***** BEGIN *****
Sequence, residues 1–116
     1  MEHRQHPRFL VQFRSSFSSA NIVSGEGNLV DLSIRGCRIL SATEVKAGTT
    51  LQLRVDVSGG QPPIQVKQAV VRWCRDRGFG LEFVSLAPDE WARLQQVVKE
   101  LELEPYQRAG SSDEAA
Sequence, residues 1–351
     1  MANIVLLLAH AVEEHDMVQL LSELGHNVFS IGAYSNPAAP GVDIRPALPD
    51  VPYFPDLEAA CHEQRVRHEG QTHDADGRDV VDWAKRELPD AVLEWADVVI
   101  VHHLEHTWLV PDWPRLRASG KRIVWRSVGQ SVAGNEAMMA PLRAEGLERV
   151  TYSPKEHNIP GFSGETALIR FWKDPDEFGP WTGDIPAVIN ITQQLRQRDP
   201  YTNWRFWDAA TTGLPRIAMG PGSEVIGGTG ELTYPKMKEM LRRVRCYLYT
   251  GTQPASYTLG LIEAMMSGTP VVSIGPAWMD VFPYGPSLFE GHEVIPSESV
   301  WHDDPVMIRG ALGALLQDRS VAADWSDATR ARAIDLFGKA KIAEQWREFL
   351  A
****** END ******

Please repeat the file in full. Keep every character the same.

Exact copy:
Sequence, residues 1–116
     1  MEHRQHPRFL VQFRSSFSSA NIVSGEGNLV DLSIRGCRIL SATEVKAGTT
    51  LQLRVDVSGG QPPIQVKQAV VRWCRDRGFG LEFVSLAPDE WARLQQVVKE
   101  LELEPYQRAG SSDEAA
Sequence, residues 1–351
     1  MANIVLLLAH AVEEHDMVQL LSELGHNVFS IGAYSNPAAP GVDIRPALPD
    51  VPYFPDLEAA CHEQRVRHEG QTHDADGRDV VDWAKRELPD AVLEWADVVI
   101  VHHLEHTWLV PDWPRLRASG KRIVWRSVGQ SVAGNEAMMA PLRAEGLERV
   151  TYSPKEHNIP GFSGETALIR FWKDPDEFGP WTGDIPAVIN ITQQLRQRDP
   201  YTNWRFWDAA TTGLPRIAMG PGSEVIGGTG ELTYPKMKEM LRRVRCYLYT
   251  GTQPASYTLG LIEAMMSGTP VVSIGPAWMD VFPYGPSLFE GHEVIPSESV
   301  WHDDPVMIRG ALGALLQDRS VAADWSDATR ARAIDLFGKA KIAEQWREFL
   351  A